The Open Video Digital Library Toolkit (OVDLT) project is intended to provide museums, libraries and other institutions holding moving image collections tools to more easily create Web-based digital video libraries. Funded by the Institute of Museum and Library Services and now released as an open source product under the MIT License, the OVDLT project provides a no cost solution for libraries, archives, museums, and other institutions who want to make available their digital video resources through their own Web-based digital library.
OVDLT runs on Linux or Mac OS X 10.5 and 10.6 based on a Ruby on Rails framework with MySQL as the database management system. See Requirements for more information.
How does an OVDLT-generated site look? Check out these sample sites:
Visit our support site to get started on creating your own digital video library with OVDLT. Documentation there covers requirements, installation, initial and on-going administration of your OVDLT site, cataloging, and more.
If you are a developer interested in contributing to the project, we would love to hear from you.
We're committed to improving OVDLT. If you're using it and have problems, questions, or ideas for improvements, let us know. Our support site contains discussion areas where you can submit your feedback and see if others have similar issues.
The OVDLT project is an extension of the Open Video Project, which is a Web-based digital video library established at the University of North Carolina at Chapel Hill in 1998. Open Video provides digital video primarily for the education and research communities, some of whom told us they were interested in creating a similar Web site to host their own video collections. OVDLT is intended to make it easier for these organizations to do just that.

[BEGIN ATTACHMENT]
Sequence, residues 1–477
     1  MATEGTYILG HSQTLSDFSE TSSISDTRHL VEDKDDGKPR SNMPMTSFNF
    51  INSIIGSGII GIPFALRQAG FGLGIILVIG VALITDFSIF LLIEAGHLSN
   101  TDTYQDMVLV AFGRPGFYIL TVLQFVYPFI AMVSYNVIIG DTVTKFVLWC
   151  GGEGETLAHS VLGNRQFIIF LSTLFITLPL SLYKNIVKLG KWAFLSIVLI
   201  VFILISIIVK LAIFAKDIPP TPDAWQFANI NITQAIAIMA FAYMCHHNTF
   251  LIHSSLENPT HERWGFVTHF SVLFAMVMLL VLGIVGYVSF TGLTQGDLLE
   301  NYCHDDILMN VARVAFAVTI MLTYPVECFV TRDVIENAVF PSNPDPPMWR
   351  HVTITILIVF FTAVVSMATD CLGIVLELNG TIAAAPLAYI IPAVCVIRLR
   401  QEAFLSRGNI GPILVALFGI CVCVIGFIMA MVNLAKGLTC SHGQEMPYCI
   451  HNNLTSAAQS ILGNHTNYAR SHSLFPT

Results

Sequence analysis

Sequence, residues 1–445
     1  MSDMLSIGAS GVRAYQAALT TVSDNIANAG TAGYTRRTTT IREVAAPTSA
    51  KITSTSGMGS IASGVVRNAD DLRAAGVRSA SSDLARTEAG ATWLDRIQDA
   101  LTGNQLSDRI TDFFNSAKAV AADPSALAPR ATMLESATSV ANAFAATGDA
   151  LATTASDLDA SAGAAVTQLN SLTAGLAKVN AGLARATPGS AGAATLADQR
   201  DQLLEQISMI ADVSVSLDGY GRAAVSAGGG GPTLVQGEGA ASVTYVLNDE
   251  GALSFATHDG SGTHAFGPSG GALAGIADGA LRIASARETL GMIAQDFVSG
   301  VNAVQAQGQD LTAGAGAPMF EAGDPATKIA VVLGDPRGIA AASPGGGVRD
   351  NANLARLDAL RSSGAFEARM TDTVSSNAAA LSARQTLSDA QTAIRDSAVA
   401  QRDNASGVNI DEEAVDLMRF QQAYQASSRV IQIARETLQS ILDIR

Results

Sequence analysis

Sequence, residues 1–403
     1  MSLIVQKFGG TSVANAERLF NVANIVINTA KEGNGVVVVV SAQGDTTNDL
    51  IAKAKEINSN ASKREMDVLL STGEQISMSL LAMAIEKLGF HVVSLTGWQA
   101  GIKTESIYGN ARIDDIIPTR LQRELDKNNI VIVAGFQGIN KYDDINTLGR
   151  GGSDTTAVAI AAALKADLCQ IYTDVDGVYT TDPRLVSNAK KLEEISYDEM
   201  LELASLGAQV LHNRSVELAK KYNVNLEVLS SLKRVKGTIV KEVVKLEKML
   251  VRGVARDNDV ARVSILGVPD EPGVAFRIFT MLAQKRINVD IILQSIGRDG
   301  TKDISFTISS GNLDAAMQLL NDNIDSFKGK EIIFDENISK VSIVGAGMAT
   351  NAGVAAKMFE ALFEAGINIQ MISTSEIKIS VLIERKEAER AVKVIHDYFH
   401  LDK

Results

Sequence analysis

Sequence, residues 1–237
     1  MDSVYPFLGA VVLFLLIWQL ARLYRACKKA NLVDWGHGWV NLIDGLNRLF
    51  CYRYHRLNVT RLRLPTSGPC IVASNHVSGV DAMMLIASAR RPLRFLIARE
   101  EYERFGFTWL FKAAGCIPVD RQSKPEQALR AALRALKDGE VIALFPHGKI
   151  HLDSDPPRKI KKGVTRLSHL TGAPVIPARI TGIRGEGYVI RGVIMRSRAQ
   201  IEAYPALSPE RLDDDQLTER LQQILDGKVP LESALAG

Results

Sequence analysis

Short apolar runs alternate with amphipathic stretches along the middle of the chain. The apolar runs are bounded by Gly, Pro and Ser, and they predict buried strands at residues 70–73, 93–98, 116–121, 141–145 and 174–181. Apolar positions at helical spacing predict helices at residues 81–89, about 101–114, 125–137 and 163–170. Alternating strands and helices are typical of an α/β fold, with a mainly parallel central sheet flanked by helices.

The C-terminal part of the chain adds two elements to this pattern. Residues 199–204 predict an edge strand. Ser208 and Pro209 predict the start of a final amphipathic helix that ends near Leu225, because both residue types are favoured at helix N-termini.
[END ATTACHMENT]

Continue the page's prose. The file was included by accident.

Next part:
The OVDLT project was generously funded by the Institute of Museum and Library Services (IMLS) under their National Leadership Grants in Library and Museum Collaboration program (official grant title: "Digital Video Library Toolkit for Museums and Libraries with Limited Resources"). The primary investigator for this grant was Gary Geisler. The project's museum partner ws Northeast Historic Film.
Materials related to the development of this project:
Sample Video Collection: To investigate and illustrate video quality and filesize tradeoffs when digitizing video with different video formats and codecs, we developed a sample collection of video segments digitized in 12 format/size combinations. Sample content comes from our museum partner, Northeast Historic Film (NHF).
Metadata Schema Development: We spent considerable time at the beginning of this project investigating potential metadata schemas. We analyzed the most important existing metadata schemas appropriate for digital video (MIC, MODS/METS, MPEG-7, Dublin Core, etc. and developed a Web page to compare and contrast elements and keep track of our investigation.
User Needs Assessment: To help us understand the characteristics and needs of potential users of OVDLT, we conducted a Web-based survey as part of a user needs assessment. This was a five-part survey, advertised through an e-mail posting to a wide variety of individuals and image and media-oriented listservs serving potential OVDLT users in the academic, archives, history, museum, and libraries and computers communities. Detailed, anonymized results from the 83 responses to this survey are available.